17 Jul 2006

UK Wine Of The Year

I WAS invited to the English and Welsh Wine of the Year tasting today, patriotically held at the RAF Club, 128 Piccadily, home to the 'Brill Cream boys'. Amongst the judges for this annual competition were five Masters of Wine, an impressive tally. A journalist from the self-proclaimededly "hip" 'Wine & Spirit' magazine hovered whilst a Waitrose buyer lurked, such is the interest in home-grown wine.

Chapel Down's '04 firebrick red Pinot Noir [£12.99] took a Gold Trophy, although the blatant American and French oak flattened the raspberry scents underneath. In my opinion such an overdose of oak is indulgent, equivalent to a chef deficient in the ability to judge "a pinch" of salt. Whilst wittily named, their '05 'English Rose' rosé (also Gold Trophy) had a dash of 'Ethyl acetate' (pear drops) something prevalent in too many rosés [£7.49]. The Bacchus Reserve '04 (Gold) was however like a condensed whisper although I worry it was perhaps too subtle [£9.99]. The Pinot Reserve '01 [£24.99] flagship fizz (Silver) was fresh with character, a blend of Pinot Noir and - imaginatively - Pinot Blanc, a relative of Chardonnay and the main component of Cremant d'Alsace.

Also traditional method sparkling, Nutbourne's affectionately titled "Nutty" '04 (Silver) was attractively priced [£10.80] resembling Wyken's Moonshine although the bubbles didn't have the same alacrity and the packaging was 'cider bottle' (right). Nyetimber's '03 Blanc de Noirs Pinot Meunier (Gold) was expressive and long-lived on the palate; the youngest wine I've tasted from this estate, already an icon. Throwley Vineyard's Reserve Brut '01 (Silver) had a classicaly oily-rich edge.
Ridgeview's Merret Pimlico '03 (Silver) startled me - perhaps England's first sparkling red and confidently assembled. Matured in old oak for seven months and new world in style, this long-lived, mildly tannic, rather fun being was born in small quantity to exploit the ripeness of fruit that vintage. A perfect English breakfast wine. Their gently blushing salmon pink Fitzrovia '03 is still my preference, however. The estate takes its name from Londoner Christopher Merret who in 1662 described how to make wine sparkle several years before the French monk allegedly uttered "Come quickly, I am drinking the stars!" Each style is named after a choice London area in Merret's honour.

I liked Brightwell's '05 aromatic, white peach like Bacchus (Silver) from Oxford. Its proprietor Bob Nielson voiced some interesting thoughts about UK wine (I will be writing more about this, please see the foot of this article). Camel Valley's screwcapped Bacchus '05 (Silver) was slick with the same focus as its maverick maker Bob Lindo. It posessed a NZ/UK ambiguity [£10.95]. New Hall's '05 Bacchus (also Silver) showed promise but was a touch frisky [£5.90]. Worthenbury's '04 Sauvignon Blanc [£8] grown under polytunnels in Wales, had developed since I last tasted it, delivering a dramatic interpretation of the grape with a creamy finish. Stylishly calibrated.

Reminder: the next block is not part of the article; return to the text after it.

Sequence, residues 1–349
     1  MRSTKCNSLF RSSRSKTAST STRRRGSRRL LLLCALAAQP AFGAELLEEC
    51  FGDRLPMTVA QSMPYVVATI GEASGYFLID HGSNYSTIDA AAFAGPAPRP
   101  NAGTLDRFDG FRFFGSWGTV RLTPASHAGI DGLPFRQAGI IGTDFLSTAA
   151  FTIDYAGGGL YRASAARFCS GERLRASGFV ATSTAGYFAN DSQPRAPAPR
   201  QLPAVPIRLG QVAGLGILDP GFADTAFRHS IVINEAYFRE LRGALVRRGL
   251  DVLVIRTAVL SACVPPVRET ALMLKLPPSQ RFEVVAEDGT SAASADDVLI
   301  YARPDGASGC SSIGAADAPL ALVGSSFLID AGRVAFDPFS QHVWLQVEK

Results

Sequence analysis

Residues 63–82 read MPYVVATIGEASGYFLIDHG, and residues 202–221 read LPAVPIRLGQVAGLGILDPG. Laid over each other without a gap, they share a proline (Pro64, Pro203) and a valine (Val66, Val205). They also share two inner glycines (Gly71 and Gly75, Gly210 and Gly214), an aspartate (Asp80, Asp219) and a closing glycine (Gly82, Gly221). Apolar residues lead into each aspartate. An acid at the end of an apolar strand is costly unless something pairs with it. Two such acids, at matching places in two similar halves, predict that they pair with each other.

Three Choirs Noble Rot '03 (same winemaker as Worthenbury - Martin Fowke) was handsome, thorny - a poised curio - with a thrilling acidity.

Denbies was justifiably well represented, and here are my earlier thoughts.

I am currently researching a full article about English Wine which will appear on the main site by the end of September and hopefully further afield.
*
The Grinch surfaces: Having seen an idiosyncratic subject I wrote about appear as the focus of a national paper's wine column I've introduced a caveat to the copyright of this blog, 'Reviews may be quoted provided reference is given'. Seeing ideas 'adopted' is flattering and frustrating, something I often saw when working in television, talking of which a near hyperactive e-mail just bounced into my inbox from the BBC addressed to indie producers. On the new commissioning procedure: '...changes, due to be fully operational by April 2007, will enable 360 degree commissioning and production and ensure creative coherence and editorial leadership across all platforms and media...' Clear as Mikasa 'Kwarx'!